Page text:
While the 29-year-old point guard stated his goal is to win bigger than Los Angeles did during his first year with the franchise -- when the Lakers' repeat title bid fell short with a first-round loss to the Phoenix Suns -- he also addressed a business decision he made during the 2020-21 season that has haunted him ever since.
Schroder, who signed a one-year, $2.64 million contract with the Lakers last month, claims the Lakers never offered him the four-year, $84 million contract extension that he was eligible to sign that season.
"I mean, end of the day, there never was a contract," Schroder said. "There never was a contract, never rejected anything ... That's not true."
It appears to be an issue of semantics.
A source familiar with the negotiations between Schroder's representative at the time and the Lakers told ESPN that when L.A. broached a conversation about an extension in February 2021, Schroder's side said they would rather wait until the offseason to discuss a deal when he reached free agency.
Schroder's and the Lakers' fortunes changed from there. The Lakers, who raced out to a 22-7 record in mid-February when those contract conversations were occurring, went 20-23 the rest of the way, as injuries and COVID-19 absences hit the roster. And Schroder was underwhelming in that playoff loss to Phoenix, averaging 14.3 points on 40% shooting and 2.8 assists.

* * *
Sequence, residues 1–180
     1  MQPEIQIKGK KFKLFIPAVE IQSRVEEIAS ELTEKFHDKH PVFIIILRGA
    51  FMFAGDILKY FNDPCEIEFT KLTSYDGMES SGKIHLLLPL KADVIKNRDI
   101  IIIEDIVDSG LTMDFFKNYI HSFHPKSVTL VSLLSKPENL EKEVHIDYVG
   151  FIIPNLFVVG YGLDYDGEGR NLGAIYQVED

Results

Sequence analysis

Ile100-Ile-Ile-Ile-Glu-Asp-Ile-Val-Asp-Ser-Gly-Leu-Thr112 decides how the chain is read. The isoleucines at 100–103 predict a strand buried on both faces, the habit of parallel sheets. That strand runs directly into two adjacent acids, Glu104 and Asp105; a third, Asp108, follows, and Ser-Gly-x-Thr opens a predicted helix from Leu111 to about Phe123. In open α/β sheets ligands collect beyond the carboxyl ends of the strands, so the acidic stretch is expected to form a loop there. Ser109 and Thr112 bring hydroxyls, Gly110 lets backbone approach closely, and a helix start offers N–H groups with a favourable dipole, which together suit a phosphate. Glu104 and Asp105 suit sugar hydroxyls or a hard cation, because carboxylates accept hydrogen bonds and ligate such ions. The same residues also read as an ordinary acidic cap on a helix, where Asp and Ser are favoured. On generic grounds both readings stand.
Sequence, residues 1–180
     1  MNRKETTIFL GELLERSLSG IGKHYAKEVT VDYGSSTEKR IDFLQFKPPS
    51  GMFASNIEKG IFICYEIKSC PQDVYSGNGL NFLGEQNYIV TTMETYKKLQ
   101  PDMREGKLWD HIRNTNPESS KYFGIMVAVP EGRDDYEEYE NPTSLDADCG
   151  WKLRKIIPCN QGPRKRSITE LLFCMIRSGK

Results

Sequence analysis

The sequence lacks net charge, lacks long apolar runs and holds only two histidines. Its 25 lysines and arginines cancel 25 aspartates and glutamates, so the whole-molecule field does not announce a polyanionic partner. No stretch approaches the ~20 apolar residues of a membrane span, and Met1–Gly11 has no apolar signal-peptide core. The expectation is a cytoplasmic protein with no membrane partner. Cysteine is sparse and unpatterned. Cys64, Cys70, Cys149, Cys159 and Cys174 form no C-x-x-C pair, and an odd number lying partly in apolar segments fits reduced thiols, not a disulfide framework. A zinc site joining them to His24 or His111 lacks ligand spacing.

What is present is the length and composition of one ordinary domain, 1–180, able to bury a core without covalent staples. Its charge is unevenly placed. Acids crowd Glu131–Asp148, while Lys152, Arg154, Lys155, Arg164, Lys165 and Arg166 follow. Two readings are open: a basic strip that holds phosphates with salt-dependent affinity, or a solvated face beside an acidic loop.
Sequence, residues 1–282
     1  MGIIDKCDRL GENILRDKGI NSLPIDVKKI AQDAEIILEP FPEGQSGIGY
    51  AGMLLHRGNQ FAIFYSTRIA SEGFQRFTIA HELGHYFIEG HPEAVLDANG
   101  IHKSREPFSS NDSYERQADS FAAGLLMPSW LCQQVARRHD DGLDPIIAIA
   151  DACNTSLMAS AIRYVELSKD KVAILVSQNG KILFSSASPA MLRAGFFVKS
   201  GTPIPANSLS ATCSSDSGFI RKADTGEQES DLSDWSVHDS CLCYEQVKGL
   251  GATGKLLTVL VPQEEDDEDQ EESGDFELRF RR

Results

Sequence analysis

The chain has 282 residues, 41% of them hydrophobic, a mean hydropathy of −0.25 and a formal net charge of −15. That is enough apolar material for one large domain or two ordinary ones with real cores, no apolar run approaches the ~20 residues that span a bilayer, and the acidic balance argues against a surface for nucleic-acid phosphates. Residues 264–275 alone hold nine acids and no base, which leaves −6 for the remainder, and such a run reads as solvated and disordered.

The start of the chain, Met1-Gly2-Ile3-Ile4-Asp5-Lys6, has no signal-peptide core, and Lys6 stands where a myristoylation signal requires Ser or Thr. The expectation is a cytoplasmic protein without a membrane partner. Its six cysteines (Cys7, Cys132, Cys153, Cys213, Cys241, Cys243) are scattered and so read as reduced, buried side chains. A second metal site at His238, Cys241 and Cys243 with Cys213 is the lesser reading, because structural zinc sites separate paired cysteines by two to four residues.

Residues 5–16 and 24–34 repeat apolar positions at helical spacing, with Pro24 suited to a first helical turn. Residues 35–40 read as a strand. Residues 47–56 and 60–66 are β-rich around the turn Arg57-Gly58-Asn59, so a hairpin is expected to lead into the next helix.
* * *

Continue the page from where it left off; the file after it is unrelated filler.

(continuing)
When the offseason came, Los Angeles was uninterested in offering the same type of long-term deal it intended to discuss months earlier and ended up trading for Russell Westbrook to play point guard.
Schroder even poked fun at himself for the more-than-$80 million disparity between what he could have made and what he signed for, posting a photo to his Instagram of him holding his head in his hands and inviting followers to write jokes in the comments about how he "fumbled the bag."
Nonetheless, he appeared enthusiastic when speaking about his new opportunity with the Lakers on Monday, citing his strong relationship with coach Darvin Ham, who coached him for five years, starting when he was a rookie, with the Atlanta Hawks.
"I'm going to make sure everything I can do, I'll bring to the team to win ballgames," Schroder said. "I mean, Coach Darvin knows. He's known me for 10 years now. He knows what I bring. And whatever it is, I'm going to do whatever to get a W and to finish the unfinished business."
And maybe the business of basketball will treat him better the second time around in Los Angeles, also.
"The whole situation with the Lakers, that was a little weird," he said. "That's the reason why I said, 'I'll even play for free here,' just to make it right, just to put everybody in the right direction.
"Of course, it would be great to sign a big deal and a longer-term deal, and that's my goal still. But the end of the day, we are here now and I'm going to do everything I can right now to just help my teammates win ballgames."